Sultex Ltd.'s Active Weft Control System allows further reduction of compressed air consumption by the new L5500 air-jet weaving machine.

Less Air Consumption Is Key

Thanks to the new Sultex Active Weft Control System (AWC), the compressed air consumption is further reduced. According to the company, patented real-time monitoring of the weft yarn makes predictive control of the relay nozzles possible. The main and tandem nozzles ensure gentle acceleration of the weft yarn with minimal air consumption. With the Air Gripper System (AGS), spandex yarns in the weft also are woven faultlessly. Short reaction and blow times make economical compressed air consumption possible. The patented RTC (Real Time Controller) from Sultex is an active control system that influences the current weft insertion rate, optimizing the nozzle blow times. Regardless of the weft being woven, the weaving machine adjusts every weft insertion for minimal air consumption. Depending on the weft yarn and machine width, air consumption can be reduced by 10 to 40 percent.

The air consumption of Dornier air-jet weaving machines can be reduced by up to 28 percent thanks to newly developed relay nozzles, special stretching nozzles and an optional TandemPlus main nozzle, depending on the style program. Dornier's new weft stop sensor, the Slim Throughlight Sensor (STS), is based on the principle of light rays. It provides the highest functional and quality reliability, even on dark weft colors and fine threads down to 20 denier. The compact device can easily be positioned using a clip anywhere on the reed without damaging the reed dents.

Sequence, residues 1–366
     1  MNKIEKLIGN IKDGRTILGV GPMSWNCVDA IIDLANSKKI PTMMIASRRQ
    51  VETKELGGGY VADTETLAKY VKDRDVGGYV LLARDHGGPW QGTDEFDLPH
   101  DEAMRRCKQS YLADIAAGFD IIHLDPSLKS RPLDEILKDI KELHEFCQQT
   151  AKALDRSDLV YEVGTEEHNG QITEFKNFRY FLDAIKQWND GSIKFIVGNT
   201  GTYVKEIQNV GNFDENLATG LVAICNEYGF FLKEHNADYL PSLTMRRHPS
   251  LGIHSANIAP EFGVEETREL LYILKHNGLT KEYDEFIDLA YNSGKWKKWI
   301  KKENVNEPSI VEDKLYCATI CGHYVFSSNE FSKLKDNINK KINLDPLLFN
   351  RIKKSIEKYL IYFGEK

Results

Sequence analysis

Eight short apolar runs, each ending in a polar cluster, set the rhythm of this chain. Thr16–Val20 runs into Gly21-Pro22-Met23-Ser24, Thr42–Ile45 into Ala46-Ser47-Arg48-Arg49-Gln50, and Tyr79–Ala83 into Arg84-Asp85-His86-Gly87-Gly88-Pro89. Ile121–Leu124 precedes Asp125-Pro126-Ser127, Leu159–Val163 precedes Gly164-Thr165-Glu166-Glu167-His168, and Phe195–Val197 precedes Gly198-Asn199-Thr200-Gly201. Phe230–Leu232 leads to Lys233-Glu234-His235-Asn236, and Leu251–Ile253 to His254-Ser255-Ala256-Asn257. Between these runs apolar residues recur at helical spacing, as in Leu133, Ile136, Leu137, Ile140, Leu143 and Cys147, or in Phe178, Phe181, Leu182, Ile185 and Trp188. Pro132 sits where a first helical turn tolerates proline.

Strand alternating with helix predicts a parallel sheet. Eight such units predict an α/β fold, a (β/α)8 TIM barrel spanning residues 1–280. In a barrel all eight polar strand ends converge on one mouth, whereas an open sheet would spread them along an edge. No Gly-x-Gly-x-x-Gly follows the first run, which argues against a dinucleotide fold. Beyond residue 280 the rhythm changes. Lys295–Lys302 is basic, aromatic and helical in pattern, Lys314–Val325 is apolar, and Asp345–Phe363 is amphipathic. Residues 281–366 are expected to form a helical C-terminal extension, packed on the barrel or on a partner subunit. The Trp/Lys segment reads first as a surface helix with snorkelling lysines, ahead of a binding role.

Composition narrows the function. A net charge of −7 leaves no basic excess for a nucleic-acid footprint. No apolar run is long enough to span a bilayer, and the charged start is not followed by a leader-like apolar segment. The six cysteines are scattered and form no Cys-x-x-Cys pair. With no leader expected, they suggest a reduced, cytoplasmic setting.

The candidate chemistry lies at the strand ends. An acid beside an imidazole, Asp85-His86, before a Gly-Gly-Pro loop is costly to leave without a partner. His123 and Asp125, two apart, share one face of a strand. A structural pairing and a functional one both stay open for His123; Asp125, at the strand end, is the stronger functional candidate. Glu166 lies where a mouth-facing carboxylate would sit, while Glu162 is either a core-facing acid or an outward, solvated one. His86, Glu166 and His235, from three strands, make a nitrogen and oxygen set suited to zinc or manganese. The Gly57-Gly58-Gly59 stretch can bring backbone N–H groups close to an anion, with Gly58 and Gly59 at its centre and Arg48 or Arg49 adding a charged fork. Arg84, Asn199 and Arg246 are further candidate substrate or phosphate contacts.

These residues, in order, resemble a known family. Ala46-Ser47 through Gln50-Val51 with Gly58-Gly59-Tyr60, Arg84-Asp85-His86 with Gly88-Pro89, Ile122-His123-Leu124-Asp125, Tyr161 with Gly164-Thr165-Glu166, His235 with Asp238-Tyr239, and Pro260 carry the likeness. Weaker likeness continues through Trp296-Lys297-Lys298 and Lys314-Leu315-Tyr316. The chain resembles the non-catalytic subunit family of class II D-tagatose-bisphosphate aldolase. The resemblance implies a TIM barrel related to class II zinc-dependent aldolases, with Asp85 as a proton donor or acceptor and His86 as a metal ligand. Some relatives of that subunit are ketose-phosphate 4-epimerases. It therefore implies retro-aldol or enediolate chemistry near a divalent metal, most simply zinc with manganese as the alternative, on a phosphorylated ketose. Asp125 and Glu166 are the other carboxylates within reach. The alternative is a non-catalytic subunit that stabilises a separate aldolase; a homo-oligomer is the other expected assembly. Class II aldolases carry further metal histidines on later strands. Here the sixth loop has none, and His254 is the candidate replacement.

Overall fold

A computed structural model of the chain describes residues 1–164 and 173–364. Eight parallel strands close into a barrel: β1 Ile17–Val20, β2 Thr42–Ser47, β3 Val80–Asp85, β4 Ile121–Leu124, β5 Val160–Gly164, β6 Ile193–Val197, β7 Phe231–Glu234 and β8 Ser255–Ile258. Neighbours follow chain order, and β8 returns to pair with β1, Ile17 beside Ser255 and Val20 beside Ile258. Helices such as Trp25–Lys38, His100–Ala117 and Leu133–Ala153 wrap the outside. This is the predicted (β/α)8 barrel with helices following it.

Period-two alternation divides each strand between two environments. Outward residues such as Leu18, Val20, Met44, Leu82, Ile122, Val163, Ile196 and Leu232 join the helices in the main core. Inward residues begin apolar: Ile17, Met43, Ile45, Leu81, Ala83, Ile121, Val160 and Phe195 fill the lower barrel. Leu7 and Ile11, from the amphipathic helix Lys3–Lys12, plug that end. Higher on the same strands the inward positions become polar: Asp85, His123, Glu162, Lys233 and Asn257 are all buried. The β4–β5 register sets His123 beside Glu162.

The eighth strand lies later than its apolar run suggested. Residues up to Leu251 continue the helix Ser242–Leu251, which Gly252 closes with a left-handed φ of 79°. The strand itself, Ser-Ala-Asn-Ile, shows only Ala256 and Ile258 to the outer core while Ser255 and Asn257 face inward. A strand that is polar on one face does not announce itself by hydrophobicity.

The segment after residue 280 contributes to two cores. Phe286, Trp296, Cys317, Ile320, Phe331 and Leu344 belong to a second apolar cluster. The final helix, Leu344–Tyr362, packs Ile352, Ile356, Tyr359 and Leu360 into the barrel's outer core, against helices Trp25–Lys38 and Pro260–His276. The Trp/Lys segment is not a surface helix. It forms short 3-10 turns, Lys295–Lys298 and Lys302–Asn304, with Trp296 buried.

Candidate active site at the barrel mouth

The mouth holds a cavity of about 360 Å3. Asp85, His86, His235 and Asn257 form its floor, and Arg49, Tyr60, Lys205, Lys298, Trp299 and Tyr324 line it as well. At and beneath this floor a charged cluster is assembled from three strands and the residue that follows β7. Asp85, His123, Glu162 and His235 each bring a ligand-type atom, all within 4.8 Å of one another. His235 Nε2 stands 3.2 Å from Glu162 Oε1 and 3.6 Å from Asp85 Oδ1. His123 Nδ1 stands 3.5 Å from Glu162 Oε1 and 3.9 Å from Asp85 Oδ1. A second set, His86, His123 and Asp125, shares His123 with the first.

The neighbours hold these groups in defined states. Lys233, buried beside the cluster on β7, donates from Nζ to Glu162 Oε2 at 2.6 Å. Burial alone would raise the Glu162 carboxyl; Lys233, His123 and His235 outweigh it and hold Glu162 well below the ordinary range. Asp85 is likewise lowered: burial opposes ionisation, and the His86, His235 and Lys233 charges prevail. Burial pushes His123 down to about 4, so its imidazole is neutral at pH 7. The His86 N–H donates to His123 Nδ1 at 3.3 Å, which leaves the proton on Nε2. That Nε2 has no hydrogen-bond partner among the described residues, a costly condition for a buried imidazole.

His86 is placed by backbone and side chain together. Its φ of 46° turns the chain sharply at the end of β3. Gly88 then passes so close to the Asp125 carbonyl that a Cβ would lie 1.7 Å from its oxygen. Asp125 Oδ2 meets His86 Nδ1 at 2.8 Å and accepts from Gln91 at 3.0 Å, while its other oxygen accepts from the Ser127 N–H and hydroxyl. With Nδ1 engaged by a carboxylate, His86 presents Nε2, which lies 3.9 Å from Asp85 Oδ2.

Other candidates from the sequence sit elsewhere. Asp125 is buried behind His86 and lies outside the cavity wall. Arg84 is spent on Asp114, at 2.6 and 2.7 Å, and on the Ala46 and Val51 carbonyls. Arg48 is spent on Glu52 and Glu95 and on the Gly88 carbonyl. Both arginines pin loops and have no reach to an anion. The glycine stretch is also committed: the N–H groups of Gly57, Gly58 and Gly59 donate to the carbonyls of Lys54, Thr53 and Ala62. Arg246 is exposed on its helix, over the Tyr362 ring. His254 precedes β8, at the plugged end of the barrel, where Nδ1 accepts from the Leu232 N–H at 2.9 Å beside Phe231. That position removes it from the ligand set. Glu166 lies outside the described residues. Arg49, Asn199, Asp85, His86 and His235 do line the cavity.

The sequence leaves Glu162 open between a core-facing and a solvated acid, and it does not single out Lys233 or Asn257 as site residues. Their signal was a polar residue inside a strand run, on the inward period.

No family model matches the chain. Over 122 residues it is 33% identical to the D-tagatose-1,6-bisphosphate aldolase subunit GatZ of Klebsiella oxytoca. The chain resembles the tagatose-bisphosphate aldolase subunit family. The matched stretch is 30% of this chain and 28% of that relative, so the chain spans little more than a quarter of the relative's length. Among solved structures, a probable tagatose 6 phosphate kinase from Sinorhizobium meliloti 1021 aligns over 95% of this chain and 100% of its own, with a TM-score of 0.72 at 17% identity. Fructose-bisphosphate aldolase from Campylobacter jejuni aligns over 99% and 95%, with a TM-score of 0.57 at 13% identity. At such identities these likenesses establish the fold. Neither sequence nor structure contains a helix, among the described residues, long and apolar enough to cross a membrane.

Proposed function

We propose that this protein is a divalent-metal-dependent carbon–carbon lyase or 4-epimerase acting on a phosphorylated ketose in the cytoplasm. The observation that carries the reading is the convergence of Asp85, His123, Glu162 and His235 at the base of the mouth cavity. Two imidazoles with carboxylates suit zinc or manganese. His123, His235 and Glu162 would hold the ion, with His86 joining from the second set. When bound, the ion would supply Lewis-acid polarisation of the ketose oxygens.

The OMNIplus 800's new air supply system and more efficient main nozzles allow improved performance, Picanol reports. With the new generation of main nozzles, the supply pressure for the nozzles can be dropped up to 1 bar. The position of both the fixed and the movable main nozzles is easily adjusted. The air pressure and timing can be adjusted electronically and separately for fixed and movable main nozzles, resulting in reduced air consumption.

The relay nozzles also are optimized. The shape of the nozzles and the position of the holes give an increased pitot value and enable maximum use to be made of the available insertion time. The new Diamond-Like Coating (DLC) on the relay nozzles significantly extends their lifetime when using abrasive yarns. The air lines between valve and relay nozzle have been made as short as possible, thus further reducing air consumption.